Many women report pelvic pain or abdominal cramps at the beginning of and during menstrual periods. It may last for a part or all of your periods. For a few, females’ menstrual cramp is just a mild discomfort lasting for a day or two and is merely annoying. Still, some suffer from debilitating and painful cramps that may last for 1-2 days or more and may interfere with their everyday activities.
What is Menstrual Cramp
Menstrual cramp is defined as pelvic pain with menstruation. It is also known as dysmenorrhea.
Dysmenorrhea means painful or difficult periods. It is of two types.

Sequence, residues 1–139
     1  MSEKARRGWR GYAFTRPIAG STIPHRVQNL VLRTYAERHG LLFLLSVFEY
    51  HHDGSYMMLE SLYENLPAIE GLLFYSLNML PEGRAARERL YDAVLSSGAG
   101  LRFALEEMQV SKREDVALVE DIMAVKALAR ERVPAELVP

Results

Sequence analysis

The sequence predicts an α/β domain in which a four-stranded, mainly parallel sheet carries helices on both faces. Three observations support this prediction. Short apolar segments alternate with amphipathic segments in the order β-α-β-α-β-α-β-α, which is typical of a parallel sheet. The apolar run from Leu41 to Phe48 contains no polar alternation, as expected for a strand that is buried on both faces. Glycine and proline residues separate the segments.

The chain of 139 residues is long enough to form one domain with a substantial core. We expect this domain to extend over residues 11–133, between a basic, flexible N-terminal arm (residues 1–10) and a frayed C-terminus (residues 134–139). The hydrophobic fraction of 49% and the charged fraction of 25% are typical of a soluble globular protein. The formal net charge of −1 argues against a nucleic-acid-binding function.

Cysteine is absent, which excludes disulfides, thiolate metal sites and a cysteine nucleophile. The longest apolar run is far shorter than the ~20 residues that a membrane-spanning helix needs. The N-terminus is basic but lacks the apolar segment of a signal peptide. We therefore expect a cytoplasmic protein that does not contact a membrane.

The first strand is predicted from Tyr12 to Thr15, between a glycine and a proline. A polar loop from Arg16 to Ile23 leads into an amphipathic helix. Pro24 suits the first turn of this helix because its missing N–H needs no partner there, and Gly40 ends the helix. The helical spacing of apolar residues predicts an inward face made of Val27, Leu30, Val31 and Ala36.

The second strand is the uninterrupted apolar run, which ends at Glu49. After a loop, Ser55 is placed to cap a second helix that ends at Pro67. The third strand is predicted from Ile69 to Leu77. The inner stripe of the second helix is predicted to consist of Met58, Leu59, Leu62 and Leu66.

Primary dysmenorrhea – It is the most common type of dysmenorrhea. There is pain in the lower abdomen that starts 1-2 days before the menstrual flow begins and may last for two to four days. It happens due to uterine contractions. Uterus contracts and relaxes to allow the blood to leave your uterus. The lining of the uterus releases prostaglandins. Prostaglandins are chemical substances that increase the intensity of contraction. High level of prostaglandins results in not only menstrual cramps but also nausea and lightheadedness.
Secondary dysmenorrhea – It happens when the menstrual cramps are the result of underlying medical problems such as pelvic inflammatory disease or endometriosis.
Symptoms Associated with Menstrual Cramp
Menstrual cramp is a continuous and dull ache in the lower abdomen. The pain is cramping or throbbing in character that ranges from mild to severe in intensity. It may radiate to lower back and thigh